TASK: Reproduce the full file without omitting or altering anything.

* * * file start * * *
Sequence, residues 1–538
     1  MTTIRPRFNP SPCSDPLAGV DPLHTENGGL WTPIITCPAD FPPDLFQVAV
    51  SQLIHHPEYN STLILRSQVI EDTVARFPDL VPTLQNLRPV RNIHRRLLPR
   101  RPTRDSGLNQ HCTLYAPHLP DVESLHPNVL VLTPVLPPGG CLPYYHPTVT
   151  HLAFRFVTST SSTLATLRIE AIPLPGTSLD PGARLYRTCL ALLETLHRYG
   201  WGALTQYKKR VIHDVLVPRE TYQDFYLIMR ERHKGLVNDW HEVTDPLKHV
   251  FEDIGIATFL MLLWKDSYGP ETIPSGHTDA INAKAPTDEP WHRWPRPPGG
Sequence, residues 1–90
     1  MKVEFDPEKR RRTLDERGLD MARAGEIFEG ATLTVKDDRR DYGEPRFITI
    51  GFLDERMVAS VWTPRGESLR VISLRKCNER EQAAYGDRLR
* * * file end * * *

Sequence, residues 1–538
     1  MTTIRPRFNP SPCSDPLAGV DPLHTENGGL WTPIITCPAD FPPDLFQVAV
    51  SQLIHHPEYN STLILRSQVI EDTVARFPDL VPTLQNLRPV RNIHRRLLPR
   101  RPTRDSGLNQ HCTLYAPHLP DVESLHPNVL VLTPVLPPGG CLPYYHPTVT
   151  HLAFRFVTST SSTLATLRIE AIPLPGTSLD PGARLYRTCL ALLETLHRYG
   201  WGALTQYKKR VIHDVLVPRE TYQDFYLIMR ERHKGLVNDW HEVTDPLKHV
   251  FEDIGIATFL MLLWKDSYGP ETIPSGHTDA INAKAPTDEP WHRWPRPPGG
Sequence, residues 1–90
     1  MKVEFDPEKR RRTLDERGLD MARAGEIFEG ATLTVKDDRR DYGEPRFITI
    51  GFLDERMVAS VWTPRGESLR VISLRKCNER EQAAYGDRLR